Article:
Their model describes conversations that engage leaders and employees in hindsight (learning from past effort and identifying what employees are good at AND love doing), foresight (considering the changing business environment and what those changes mean for the future), and finding insight, the “sweet spot” where hindsight overlaps foresight, illuminating paths to enhance employee skills, contribution, and career.

Being a great boss is not complicated. It simply requires proactive engagement on the leader’s part to invest time, attention, and conversation with each team member. Where those conversations enable the employee to feel cared for, listened to, validated, and inspired, the leader is on the path to being that team member’s best boss.

Please join in THIS conversation! What did your best boss do to create an inspiring work experience for you? How do your great bosses engage you in career conversations? Share your thoughts in the comments section below.

Get your FREE EXCERPT from my new book, #POSITIVITY AT WORK tweet, written with the delightful Lisa Zigarmi. View our video on why we wrote the book, understand the research on positivity in the workplace, and more!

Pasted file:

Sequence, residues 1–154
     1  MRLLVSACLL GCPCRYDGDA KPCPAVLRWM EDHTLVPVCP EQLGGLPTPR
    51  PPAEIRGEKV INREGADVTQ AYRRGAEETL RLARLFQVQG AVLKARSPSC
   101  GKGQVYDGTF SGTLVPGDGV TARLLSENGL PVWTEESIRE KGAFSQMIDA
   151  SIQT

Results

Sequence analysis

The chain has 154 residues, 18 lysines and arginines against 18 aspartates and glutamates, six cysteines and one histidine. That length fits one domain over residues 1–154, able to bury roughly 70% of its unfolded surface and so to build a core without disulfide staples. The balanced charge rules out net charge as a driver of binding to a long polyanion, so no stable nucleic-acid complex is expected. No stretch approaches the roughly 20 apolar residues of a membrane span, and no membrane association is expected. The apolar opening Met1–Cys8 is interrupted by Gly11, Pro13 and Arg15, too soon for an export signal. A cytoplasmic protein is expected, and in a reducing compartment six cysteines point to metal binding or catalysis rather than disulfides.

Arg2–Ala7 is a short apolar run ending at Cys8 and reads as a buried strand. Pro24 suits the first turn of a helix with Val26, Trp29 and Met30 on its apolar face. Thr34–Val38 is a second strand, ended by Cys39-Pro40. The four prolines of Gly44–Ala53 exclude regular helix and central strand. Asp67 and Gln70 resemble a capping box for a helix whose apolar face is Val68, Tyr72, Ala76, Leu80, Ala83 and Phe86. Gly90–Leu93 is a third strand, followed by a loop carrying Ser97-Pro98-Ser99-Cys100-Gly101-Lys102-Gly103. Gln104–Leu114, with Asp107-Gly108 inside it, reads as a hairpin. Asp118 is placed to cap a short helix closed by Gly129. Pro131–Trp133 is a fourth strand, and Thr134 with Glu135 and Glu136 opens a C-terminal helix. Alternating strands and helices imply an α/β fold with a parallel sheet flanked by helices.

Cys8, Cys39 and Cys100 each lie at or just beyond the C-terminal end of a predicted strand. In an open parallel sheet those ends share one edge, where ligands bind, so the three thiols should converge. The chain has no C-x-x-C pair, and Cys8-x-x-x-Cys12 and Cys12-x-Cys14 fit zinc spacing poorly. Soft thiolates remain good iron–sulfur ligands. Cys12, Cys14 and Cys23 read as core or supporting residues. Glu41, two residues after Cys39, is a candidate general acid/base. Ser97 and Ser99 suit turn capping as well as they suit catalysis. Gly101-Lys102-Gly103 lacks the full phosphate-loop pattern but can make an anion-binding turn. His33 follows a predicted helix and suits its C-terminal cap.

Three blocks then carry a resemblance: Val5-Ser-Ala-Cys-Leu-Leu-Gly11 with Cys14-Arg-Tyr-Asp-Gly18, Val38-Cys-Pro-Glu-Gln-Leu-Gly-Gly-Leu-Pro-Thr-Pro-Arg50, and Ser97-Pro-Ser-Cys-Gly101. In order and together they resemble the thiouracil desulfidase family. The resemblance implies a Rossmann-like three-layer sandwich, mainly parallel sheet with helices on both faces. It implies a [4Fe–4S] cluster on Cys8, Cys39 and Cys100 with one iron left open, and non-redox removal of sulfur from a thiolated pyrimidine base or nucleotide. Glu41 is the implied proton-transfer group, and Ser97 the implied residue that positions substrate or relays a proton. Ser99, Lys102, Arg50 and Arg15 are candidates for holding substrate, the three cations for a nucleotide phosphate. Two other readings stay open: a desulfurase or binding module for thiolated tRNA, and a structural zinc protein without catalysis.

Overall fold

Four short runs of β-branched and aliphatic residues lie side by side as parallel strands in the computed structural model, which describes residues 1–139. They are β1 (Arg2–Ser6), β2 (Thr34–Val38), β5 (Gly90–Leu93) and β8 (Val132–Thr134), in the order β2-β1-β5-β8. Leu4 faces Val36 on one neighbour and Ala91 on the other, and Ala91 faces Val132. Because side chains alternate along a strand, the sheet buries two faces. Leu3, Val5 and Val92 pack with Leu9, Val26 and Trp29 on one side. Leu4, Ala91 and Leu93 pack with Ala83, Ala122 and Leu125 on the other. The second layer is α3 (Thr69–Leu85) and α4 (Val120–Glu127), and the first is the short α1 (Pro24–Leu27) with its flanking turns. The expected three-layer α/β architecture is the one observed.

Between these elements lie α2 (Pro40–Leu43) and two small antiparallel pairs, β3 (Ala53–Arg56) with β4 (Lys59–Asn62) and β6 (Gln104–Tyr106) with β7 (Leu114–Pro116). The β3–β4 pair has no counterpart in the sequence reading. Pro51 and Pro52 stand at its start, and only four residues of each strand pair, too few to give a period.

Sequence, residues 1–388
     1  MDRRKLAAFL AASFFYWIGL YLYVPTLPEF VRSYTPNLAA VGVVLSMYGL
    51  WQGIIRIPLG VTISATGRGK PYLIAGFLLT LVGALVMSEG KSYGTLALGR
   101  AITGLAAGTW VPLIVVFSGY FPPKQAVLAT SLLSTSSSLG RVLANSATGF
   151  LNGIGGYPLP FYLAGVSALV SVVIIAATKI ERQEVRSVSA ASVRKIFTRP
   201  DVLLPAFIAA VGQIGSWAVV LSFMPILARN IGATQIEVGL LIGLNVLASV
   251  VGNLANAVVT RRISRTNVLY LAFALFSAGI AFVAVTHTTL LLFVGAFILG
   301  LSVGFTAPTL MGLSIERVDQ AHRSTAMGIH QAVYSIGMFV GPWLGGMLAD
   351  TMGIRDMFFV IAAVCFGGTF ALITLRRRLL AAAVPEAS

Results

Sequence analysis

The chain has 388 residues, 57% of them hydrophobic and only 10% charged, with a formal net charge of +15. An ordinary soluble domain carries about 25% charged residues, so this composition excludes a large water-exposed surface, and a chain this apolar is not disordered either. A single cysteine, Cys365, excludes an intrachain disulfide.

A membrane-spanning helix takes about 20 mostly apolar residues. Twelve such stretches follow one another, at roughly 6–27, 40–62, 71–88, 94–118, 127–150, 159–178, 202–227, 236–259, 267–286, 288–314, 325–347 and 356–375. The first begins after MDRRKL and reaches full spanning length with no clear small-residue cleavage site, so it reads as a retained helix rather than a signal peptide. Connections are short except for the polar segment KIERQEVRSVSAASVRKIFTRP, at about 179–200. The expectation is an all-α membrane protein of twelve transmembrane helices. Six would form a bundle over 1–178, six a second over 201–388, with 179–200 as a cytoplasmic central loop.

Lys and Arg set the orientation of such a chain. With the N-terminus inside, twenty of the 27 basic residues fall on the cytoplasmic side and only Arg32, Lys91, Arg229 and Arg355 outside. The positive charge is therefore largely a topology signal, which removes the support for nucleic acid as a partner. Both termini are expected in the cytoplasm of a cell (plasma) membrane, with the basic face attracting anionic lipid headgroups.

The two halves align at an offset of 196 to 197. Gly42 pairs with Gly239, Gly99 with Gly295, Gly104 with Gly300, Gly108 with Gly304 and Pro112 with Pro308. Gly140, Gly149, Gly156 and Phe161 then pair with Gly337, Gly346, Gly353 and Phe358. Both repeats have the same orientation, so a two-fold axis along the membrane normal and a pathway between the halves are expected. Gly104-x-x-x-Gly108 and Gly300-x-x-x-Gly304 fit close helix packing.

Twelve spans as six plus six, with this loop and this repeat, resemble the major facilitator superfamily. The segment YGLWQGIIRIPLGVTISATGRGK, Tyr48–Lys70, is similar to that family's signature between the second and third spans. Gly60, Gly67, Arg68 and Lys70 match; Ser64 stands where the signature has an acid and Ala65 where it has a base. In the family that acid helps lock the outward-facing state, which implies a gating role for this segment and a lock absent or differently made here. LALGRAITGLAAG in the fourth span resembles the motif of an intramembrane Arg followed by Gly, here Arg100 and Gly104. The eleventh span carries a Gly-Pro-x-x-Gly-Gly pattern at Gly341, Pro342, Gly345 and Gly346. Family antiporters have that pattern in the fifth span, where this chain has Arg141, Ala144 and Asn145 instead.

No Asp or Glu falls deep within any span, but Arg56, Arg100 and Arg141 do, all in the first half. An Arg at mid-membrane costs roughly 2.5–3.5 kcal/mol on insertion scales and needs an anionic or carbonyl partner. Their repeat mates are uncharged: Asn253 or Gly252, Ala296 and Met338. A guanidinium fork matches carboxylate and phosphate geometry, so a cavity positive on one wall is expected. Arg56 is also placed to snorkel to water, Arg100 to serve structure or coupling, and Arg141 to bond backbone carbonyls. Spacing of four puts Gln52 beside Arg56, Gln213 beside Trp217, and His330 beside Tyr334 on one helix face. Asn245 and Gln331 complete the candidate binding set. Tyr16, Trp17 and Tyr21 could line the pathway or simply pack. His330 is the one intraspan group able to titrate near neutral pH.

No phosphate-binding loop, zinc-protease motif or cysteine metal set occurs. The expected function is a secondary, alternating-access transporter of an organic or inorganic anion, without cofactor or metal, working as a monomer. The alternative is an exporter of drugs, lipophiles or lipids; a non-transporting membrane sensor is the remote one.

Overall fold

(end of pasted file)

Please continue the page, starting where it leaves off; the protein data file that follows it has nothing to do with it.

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Subscribe!Podcast – Listen to this post now with the player below. Subscribe via RSS or iTunes!

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The music heard on these podcasts is from one of Chris’ songs, “Heartfelt,” copyright © Chris Edmonds Music (ASCAP). Chris plays all instruments on these recordings.


Disclosure of Material Connection: Some of the links in the post above are “affiliate links.” This means if you click on the link and purchase the item, I will receive an affiliate commission. Regardless, I only recommend products or services I use personally and believe will add value to my readers. I am disclosing this in accordance with the Federal Trade Commission’s 16 CFR, Part 255: “Guides Concerning the Use of Endorsements and Testimonials in Advertising.”